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dc.contributor.authorPeacock, Pamelaen
dc.date2011-09-28 20:02:08.987
dc.date.accessioned2011-09-29T00:16:03Z
dc.date.available2011-09-29T00:16:03Z
dc.date.issued2011-09-28
dc.identifier.urihttp://hdl.handle.net/1974/6782
dc.descriptionThesis (Ph.D, History) -- Queen's University, 2011-09-28 20:02:08.987en
dc.description.abstractDrawing upon close observation of site practices, interviews, and visitor surveys, this project analyses the programming offered at historic sites, highlighting the aspects of history that are omitted or treated superficially. The case studies conducted at Fort Henry, Upper Canada Village, and Fort William demonstrate that women’s and gender histories continue to be minimized, stereotyped, and segregated. Each site selectively communicates information about the past. The commemoration and preservation of the past and the tourism industry have been intricately connected in Ontario throughout the twentieth century. Historic sites have been directed by the dual goals of educating the public about a national past and of attracting visitors and revenues. As Ian McKay and Robin Bates have articulated, the resulting tourism/history is a narrative less interested in verity than in saleability. Though the management of historic sites have not jettisoned the concept of accuracy, broadening the picture of the past presented to be ‘more accurate’ by addressing such issues as courtship, birth control, or marital separation is often not as high a priority as increasing visitor numbers. The costs, financial and otherwise, of making changes to the traditional fare at historic sites are considered undesirable. Sites are unprepared to invest in changes to collections or programming unless it can be shown that the investment will pay dividends. The perpetuation of traditional political and economic narratives continues also because of the perception that this appeals to and pleases visitors. Sites aim to give visitors what they want and to entertain them in order to secure repeat patronage. Women’s history and gender history are considered, somewhat contradictorily, too controversial and too mundane to garner the interest of visitors. Despite being trusted by a majority of Canadians as trustworthy sources of history, historic sites are letting down their constituents by omitting significant aspects and concerns of daily life in their narratives.en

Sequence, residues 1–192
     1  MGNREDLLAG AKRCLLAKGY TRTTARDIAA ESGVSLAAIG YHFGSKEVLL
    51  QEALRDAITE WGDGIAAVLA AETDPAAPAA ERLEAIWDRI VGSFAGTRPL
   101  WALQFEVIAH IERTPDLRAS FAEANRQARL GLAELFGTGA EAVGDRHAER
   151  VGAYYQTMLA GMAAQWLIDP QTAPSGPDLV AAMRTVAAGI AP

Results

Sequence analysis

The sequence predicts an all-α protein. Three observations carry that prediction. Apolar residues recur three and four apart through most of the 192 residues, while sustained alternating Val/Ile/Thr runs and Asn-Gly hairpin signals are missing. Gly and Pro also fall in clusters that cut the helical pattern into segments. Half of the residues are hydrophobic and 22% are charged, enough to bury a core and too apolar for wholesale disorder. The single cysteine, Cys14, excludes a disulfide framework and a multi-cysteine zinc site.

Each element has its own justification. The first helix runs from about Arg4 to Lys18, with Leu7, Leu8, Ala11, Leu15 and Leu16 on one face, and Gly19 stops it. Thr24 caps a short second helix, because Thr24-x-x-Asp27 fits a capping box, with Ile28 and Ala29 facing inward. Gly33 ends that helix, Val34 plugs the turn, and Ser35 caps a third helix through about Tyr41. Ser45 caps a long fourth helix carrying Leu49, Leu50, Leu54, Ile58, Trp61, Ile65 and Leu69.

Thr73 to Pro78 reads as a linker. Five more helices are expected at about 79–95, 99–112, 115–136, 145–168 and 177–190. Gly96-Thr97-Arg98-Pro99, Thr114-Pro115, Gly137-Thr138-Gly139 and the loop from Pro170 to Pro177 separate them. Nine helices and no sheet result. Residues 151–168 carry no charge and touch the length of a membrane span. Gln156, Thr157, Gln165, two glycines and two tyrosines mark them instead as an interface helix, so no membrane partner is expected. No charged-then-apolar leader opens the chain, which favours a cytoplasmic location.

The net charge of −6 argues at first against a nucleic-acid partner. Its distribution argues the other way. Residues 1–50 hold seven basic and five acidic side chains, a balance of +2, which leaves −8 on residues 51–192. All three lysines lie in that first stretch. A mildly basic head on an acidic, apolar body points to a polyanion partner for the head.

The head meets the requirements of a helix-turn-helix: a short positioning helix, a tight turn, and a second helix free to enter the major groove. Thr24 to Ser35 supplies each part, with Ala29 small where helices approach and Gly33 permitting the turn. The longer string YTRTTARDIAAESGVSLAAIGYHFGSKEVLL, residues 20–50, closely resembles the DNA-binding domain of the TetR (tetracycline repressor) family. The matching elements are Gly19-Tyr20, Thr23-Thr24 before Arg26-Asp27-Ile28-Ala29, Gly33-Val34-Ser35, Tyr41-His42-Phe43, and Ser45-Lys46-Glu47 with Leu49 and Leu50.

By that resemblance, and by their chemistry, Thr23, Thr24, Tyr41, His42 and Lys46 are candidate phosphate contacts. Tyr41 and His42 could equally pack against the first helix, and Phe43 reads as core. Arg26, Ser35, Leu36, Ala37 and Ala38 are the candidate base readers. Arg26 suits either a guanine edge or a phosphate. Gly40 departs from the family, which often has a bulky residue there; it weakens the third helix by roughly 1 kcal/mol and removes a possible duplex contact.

dc.language.isoengen
dc.relation.ispartofseriesCanadian thesesen
dc.rightsThis publication is made available by the authority of the copyright owner solely for the purpose of private study and research and may not be copied or reproduced except as permitted by the copyright laws without written authority from the copyright owner.en
dc.subjectPublic Historyen
dc.subjectGenderen
dc.titleInterpreting a Past: Presenting Gender History at Living History Sites in Ontarioen
dc.typethesisen
dc.description.degreePhDen
dc.contributor.supervisorDubinsky, Karenen
dc.contributor.supervisorCaron, Caroline-Isabelleen
dc.contributor.departmentHistoryen
dc.degree.grantorQueen's University at Kingstonen


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